As for the UK, it is not a market he has felt the need to use the Made in Britain marque in. 

“We don’t include it as a part of our brand identity unless marketing overseas, we treat this purely as a overseas sales aid,” he explains. 

Metallic Elephant

Hot foil machine manufacturer Metallic Elephant joined Made in Britain partly because it felt like the right thing to do, but also because of competition from abroad. 

“Karl and Ros [French], who are the co-founders of the company, have worked for British manufacturers and printers respectively and were passionate about the thought of promoting a British company proud of its British engineering background after seeing the hot foil presses being produced abroad to an inferior quality of what they had been used to,” explains Vincent WIlson, production manager. 

He says one clear benefit is differentiating the company from competitors who use different techniques and processes, but he adds that being part of the network is also important. 

“We do feel a part of a collective of other like-minded companies who put production in Britain as a major selling point to their client base. It does feel that it is easier to connect and network with fellow members when required.”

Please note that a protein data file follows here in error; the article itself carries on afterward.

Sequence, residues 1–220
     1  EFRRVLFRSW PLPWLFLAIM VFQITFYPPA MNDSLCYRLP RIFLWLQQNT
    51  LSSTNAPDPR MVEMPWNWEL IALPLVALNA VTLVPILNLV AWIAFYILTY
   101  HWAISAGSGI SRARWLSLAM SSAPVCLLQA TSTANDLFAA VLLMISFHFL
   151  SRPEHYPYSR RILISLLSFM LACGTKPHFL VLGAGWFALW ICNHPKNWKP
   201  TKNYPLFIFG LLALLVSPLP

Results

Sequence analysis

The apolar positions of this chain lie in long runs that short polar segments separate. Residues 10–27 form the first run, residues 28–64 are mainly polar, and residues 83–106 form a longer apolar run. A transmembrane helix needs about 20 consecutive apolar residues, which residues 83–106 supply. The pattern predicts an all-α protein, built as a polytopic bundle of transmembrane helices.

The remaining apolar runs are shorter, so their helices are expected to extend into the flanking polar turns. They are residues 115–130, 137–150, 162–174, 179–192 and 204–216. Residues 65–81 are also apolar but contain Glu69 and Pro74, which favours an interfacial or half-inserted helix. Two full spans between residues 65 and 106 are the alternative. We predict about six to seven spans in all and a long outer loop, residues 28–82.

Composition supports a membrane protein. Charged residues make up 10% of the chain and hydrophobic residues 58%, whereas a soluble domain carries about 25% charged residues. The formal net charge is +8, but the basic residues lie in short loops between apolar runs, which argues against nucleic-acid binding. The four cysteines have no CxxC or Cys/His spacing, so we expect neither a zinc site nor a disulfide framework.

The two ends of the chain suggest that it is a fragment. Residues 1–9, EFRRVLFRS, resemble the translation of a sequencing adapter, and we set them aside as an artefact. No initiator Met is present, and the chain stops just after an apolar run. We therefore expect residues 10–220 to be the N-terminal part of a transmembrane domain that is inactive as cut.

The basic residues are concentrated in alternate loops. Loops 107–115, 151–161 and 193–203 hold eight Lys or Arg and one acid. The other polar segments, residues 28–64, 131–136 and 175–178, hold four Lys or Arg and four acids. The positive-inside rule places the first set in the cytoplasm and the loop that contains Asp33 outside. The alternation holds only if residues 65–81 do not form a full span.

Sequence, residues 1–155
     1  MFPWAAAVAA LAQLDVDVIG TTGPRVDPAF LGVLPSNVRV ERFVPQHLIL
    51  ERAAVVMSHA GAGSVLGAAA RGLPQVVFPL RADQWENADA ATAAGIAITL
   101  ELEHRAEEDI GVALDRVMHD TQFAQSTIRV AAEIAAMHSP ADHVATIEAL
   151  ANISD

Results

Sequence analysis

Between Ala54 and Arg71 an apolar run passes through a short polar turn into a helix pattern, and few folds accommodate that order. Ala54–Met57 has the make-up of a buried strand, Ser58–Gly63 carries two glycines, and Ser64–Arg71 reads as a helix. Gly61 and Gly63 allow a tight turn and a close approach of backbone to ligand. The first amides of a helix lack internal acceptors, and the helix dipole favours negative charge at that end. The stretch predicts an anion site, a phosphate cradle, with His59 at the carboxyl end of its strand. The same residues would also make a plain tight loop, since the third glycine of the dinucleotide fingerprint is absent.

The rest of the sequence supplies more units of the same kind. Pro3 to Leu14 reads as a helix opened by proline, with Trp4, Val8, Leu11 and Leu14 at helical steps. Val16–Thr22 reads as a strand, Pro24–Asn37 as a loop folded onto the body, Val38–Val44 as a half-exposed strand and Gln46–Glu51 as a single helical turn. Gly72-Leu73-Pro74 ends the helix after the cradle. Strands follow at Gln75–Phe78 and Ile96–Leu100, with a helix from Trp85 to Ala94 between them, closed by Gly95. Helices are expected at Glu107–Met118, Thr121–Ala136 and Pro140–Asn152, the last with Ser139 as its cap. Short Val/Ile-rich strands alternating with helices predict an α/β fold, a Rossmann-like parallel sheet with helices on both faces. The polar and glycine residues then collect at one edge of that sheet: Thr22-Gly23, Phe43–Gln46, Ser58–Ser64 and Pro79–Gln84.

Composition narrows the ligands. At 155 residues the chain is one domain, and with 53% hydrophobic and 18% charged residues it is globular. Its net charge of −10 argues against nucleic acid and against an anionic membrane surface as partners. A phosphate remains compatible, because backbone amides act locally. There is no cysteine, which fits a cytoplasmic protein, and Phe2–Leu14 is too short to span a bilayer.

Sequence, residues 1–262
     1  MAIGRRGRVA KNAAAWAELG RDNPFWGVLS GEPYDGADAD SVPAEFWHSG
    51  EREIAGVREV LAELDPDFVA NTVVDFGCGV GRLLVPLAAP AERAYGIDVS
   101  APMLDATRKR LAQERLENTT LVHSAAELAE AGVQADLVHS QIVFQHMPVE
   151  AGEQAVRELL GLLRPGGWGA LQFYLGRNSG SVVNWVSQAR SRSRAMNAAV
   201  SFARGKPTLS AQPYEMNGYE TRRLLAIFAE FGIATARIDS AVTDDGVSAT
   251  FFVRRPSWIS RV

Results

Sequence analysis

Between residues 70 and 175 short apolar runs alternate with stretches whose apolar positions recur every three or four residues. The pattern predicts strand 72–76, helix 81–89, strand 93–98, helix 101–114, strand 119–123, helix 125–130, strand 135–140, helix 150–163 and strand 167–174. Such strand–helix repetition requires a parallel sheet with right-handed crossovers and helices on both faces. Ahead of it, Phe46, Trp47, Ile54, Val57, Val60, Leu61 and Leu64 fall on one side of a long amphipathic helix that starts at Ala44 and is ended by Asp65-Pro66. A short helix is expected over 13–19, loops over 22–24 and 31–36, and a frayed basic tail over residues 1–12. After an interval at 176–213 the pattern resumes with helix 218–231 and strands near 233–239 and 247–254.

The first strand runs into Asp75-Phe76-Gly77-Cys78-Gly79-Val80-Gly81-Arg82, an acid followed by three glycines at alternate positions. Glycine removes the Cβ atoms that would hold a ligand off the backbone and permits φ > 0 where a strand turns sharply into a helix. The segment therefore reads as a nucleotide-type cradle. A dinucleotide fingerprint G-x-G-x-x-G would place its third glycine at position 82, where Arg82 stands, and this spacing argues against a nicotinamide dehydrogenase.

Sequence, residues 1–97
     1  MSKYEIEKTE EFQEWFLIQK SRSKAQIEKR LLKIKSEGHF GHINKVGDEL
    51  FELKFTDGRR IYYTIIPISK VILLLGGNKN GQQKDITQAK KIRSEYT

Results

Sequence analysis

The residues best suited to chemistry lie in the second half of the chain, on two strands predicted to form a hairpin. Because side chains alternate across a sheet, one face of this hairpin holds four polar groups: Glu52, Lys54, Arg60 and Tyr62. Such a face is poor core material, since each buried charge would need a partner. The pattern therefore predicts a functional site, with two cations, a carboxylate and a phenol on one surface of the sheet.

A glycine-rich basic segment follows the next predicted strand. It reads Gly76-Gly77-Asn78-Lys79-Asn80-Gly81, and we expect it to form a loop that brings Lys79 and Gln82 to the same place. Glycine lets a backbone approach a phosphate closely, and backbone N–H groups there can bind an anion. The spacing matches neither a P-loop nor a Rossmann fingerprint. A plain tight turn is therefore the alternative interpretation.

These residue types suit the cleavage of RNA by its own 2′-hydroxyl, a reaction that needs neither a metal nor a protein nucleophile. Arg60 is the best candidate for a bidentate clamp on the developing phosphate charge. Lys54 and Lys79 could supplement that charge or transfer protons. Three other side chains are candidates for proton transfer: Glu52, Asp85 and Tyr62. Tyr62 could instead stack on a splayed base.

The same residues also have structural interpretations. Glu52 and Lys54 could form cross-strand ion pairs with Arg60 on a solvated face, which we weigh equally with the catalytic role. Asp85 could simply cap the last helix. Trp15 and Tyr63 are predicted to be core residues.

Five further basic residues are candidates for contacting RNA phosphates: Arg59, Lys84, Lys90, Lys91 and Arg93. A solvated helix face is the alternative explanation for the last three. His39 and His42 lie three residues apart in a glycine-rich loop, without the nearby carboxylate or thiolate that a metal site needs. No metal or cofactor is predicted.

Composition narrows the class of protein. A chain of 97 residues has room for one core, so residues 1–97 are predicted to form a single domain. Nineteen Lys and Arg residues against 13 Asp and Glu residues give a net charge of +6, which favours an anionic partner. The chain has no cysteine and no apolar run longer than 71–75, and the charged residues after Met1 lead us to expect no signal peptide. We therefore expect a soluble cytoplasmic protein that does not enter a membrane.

Swanline Print Group

Nick Kirby, chief executive of Swanline, says signing up to Made in Britain should make sense for pretty much any UK business. 

“It makes commercial sense for UK manufacturing businesses to join the campaign; as members, businesses are added to a directory of suppliers and are eligible to use the Made in Britain marque. Many consumers want to buy British but struggle to identify products that are made here, so by displaying the marque companies are able to clearly demonstrate their products’ provenance,” he explains.

He argues this will be even more key post-Brexit: “Made in Britain will be absolutely vital post-Brexit to helping UK manufacturers source goods and secure new business relationships in a more insular market atmosphere.”

As such, he has looked to push the Made in Britain branding even further. “While this already formed part of our branding and company ethos, we have gone one step further in 2017 by introducing our own spin on the Made in Britain campaign, launching a range of UK-themed corrugated projects to distribute to customers. Starting with a teapot design, portraying the good old British cuppa, these products show our customers that by working with Swanline, they are bringing on board a quality British company capable of delivering the best products with the right service.” 

Applying for the Made in Britain marque

John Pearce writes: Members of Made in Britain have to comply with the Trade Descriptions Act, the trading standards definition written into law back in 1968, but they also have to fulfil our criteria as an organisation. Total transparency is the key. Our members share rich content about the business and the manufacturing process and we publish that on the directory that is open to everyone: buyers, consumers, specifiers in the UK and around the world to see for themselves.

For more information, visit